An Article by Ray McGovern published at michaelmoore.com on February 25, 2013
Ten years ago, as President George W. Bush and his administration were putting the finishing touches on their unprovoked invasion of Iraq, the mainstream U.S. news media had long since capitulated, accepting the conventional wisdom that nothing could – or should – stop the march to war.
The neocon conquest of the major U.S. news outlets – the likes of the New York Times, the Washington Post and the national TV news – was so total that the Bush administration could reliably count on them as eager co-conspirators in the Iraq adventure rather than diligent watchdogs for the American people.
By now a decade ago, the New York Times had published Judy Miller’s infamous “mushroom cloud” article about Iraq’s aluminum tubes, the Washington Post’s op-ed page had lined up in lock-step to hail Colin Powell’s misleading United Nations speech, MSNBC had dumped Phil Donahue after he allowed on a few anti-war voices, and CNN had assembled a chorus of pro-war ex-military officers as “analysts.”
Despite massive worldwide protests against the impending invasion, the U.S. news media only grudgingly covered the spectacle of millions of people in the streets in dozens of cities. The coverage mostly had a tone of bemusement about how deluded such uninformed folks could be.
The U.S. news media’s consensus was so overwhelming that it may have freed up a few lesser outlets to publish some undeniable facts, which then could be safely dismissed and ignored.
Such was the case when Newsweek correspondent John Barry was allowed to publish the leaked contents of an interrogation of a senior Iraqi official who inconveniently disclosed that Iraq had destroyed its stockpiles of chemical and biological weapons years earlier.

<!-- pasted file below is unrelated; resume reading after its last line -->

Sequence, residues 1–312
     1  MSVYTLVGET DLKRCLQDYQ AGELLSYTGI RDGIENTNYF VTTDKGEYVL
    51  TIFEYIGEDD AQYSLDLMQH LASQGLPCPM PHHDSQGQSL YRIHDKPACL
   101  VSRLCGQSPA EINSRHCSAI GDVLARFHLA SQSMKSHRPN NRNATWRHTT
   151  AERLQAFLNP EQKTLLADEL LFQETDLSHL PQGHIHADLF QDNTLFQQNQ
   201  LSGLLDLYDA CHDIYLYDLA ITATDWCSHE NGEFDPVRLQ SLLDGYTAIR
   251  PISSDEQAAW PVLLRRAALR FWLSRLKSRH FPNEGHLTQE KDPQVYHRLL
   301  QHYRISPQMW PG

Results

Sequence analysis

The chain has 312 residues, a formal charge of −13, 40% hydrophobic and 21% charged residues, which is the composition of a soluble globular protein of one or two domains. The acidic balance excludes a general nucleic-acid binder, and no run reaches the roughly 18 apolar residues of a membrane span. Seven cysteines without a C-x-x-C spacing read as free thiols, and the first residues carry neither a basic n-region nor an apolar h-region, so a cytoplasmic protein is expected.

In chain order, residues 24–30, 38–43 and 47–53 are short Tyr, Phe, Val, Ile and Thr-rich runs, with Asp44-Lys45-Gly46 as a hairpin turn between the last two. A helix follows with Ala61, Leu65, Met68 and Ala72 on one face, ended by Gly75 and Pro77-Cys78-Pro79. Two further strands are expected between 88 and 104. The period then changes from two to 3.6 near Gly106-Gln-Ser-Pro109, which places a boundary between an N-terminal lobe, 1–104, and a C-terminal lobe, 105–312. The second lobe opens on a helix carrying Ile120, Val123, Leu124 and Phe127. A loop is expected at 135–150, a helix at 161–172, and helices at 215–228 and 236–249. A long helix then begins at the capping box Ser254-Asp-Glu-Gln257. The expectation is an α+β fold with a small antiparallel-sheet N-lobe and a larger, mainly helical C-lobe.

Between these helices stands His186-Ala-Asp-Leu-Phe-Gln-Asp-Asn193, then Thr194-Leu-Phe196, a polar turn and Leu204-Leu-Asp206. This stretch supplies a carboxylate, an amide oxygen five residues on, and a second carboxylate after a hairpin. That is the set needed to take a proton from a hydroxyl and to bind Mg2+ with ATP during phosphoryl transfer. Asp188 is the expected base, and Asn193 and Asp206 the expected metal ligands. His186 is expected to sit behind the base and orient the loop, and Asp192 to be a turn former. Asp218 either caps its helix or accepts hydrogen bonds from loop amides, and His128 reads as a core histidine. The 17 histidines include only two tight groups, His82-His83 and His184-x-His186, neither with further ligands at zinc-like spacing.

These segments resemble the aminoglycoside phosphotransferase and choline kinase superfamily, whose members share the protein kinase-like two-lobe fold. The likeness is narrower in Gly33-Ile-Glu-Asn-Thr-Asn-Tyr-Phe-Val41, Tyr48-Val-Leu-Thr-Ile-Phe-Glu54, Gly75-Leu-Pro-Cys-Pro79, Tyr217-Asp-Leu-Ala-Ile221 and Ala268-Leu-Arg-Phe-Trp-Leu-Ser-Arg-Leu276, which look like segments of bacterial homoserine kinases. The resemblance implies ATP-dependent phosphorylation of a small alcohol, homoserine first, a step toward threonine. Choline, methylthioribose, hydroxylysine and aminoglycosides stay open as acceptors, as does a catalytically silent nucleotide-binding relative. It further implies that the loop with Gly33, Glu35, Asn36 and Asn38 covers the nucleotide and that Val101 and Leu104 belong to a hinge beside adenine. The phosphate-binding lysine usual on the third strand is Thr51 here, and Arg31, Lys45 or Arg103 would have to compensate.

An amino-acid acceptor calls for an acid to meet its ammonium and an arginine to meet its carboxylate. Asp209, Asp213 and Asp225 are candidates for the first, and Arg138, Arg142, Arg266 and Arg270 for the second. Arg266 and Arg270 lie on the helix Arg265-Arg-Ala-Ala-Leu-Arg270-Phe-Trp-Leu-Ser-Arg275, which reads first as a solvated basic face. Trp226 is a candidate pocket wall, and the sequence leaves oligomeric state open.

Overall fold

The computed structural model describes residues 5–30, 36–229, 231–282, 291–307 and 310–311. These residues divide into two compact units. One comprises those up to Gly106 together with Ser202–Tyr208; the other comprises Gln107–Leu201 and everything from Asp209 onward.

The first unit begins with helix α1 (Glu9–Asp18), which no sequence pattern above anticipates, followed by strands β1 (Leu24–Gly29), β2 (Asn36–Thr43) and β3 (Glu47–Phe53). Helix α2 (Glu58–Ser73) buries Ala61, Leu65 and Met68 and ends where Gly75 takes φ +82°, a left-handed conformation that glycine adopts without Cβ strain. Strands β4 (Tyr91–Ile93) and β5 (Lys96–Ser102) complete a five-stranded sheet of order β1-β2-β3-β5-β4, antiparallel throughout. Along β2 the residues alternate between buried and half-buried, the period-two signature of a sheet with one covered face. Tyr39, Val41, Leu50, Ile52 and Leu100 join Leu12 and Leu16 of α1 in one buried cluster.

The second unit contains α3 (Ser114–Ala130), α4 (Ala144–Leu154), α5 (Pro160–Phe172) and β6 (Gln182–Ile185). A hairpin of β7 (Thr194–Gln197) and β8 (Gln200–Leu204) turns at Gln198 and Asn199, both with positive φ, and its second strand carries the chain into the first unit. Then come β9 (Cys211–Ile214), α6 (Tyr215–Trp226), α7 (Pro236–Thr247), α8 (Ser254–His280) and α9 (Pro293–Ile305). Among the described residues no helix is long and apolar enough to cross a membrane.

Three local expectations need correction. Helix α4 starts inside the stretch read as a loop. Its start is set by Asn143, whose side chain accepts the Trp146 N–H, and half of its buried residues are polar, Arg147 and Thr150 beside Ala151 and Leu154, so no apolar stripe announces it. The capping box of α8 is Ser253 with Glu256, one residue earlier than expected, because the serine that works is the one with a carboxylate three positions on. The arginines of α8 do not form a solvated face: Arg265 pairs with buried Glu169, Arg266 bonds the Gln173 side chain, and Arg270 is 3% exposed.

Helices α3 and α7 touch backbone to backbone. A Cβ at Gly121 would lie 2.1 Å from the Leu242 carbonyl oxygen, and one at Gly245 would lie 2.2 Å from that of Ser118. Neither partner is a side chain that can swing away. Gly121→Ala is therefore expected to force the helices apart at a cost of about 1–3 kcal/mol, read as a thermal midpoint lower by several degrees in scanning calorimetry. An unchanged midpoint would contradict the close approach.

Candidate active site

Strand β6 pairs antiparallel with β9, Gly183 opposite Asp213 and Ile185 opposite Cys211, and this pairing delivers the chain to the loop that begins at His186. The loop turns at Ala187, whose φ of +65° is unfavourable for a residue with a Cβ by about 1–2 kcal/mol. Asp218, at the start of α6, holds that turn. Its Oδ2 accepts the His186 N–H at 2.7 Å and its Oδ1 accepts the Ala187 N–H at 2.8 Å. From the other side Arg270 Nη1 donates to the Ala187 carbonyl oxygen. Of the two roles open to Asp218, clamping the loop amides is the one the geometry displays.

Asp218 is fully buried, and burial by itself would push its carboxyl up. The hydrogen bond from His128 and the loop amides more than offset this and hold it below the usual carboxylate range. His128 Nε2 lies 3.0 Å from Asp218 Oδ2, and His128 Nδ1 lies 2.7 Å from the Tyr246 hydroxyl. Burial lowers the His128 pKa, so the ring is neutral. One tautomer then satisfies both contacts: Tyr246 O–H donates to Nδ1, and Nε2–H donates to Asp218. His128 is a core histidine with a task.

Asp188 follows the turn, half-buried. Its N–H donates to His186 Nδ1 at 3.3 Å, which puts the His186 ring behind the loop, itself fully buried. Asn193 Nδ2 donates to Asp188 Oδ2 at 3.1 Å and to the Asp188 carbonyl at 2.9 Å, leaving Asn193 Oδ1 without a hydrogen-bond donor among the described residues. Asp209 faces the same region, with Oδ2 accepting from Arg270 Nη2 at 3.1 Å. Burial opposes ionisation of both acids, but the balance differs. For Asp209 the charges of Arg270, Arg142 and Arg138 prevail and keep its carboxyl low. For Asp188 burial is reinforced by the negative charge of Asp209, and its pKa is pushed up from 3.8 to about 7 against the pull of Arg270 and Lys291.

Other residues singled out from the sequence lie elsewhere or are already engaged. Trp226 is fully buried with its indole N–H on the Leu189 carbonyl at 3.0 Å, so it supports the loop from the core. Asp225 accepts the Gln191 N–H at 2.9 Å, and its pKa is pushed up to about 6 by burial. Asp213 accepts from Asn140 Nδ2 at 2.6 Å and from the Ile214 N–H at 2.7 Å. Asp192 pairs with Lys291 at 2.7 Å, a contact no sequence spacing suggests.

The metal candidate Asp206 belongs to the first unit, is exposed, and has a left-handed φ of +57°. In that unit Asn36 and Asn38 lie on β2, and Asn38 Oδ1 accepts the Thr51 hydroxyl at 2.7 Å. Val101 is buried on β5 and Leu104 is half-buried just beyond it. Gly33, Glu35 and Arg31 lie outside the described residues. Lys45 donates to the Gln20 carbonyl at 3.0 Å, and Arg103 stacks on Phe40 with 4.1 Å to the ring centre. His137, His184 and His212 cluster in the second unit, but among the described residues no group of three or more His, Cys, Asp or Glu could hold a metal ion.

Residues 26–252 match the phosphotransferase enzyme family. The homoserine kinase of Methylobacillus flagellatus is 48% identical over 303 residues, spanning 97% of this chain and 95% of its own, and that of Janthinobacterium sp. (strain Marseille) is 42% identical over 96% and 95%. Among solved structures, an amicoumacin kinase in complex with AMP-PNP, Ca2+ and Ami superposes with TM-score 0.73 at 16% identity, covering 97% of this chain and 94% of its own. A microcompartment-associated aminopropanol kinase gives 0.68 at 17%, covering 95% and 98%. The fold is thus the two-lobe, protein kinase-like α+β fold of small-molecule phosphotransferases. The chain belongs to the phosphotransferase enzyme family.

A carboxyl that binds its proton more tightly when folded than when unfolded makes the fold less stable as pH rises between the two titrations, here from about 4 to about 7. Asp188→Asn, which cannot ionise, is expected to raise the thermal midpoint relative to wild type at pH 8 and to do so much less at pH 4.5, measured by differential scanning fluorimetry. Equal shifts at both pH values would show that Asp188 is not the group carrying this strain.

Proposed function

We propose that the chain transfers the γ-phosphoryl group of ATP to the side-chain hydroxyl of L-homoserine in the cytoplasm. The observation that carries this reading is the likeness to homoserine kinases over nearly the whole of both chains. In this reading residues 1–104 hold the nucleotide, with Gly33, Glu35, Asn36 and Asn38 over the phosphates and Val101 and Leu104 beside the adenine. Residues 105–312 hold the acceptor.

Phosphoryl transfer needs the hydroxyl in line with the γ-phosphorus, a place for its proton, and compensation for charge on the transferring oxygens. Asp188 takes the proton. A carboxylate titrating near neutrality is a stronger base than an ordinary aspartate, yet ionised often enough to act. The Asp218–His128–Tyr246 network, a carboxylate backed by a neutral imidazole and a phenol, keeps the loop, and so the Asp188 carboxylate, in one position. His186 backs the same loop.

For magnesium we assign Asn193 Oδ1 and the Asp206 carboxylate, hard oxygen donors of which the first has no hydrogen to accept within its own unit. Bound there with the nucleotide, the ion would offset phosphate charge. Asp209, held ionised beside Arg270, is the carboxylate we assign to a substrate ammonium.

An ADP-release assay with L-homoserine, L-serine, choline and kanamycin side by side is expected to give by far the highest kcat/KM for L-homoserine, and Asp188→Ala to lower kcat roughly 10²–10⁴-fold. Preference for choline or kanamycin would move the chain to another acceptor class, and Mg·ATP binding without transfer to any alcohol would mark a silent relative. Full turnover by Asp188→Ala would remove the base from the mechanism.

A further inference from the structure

Barry, usually a reliable voice for Washington’s conventional wisdom, may have struggled over what to do with the leaked document, but he ultimately wrote this truthful lede:
“Hussein Kamel, the highest-ranking Iraqi official ever to defect from Saddam Hussein’s inner circle, told CIA and British intelligence officers and U.N. inspectors in the summer of 1995 that after the gulf war, Iraq destroyed all its chemical and biological weapons stocks and the missiles to deliver them. Kamel … had direct knowledge of what he claimed: for 10 years he had run Iraq’s nuclear, chemical, biological and missile programs.”
In a classic understatement of about his own report – as the White House was on the verge of unleashing the dogs of war in pursuit of Iraq’s alleged WMD – Barry commented, “The defector’s tale raises questions about whether the WMD stockpiles attributed to Iraq still exist.”
Barry explained that Kamel had been interrogated in separate sessions by the CIA, British intelligence, and a trio from the U.N. inspection team; that Newsweek had been able to verify the authenticity of the U.N. document containing the text of Kamel’s debriefing; and that Kamel had “told the same story to the CIA and the British.” Barry added that “The CIA did not respond to a request for comment.”
Barry’s story was, of course, completely accurate. According to page 13 of the transcript of the debriefing by U.S. and U.N. officials, Hussein Kamel, one of Saddam Hussein’s sons-in-law, said bluntly: “All weapons – biological, chemical, missile, nuclear, were destroyed.”
The story of Kamel’s admission was published in the March 3, 2003, issue of Newsweek after appearing on the magazine’s Web site on Feb. 24.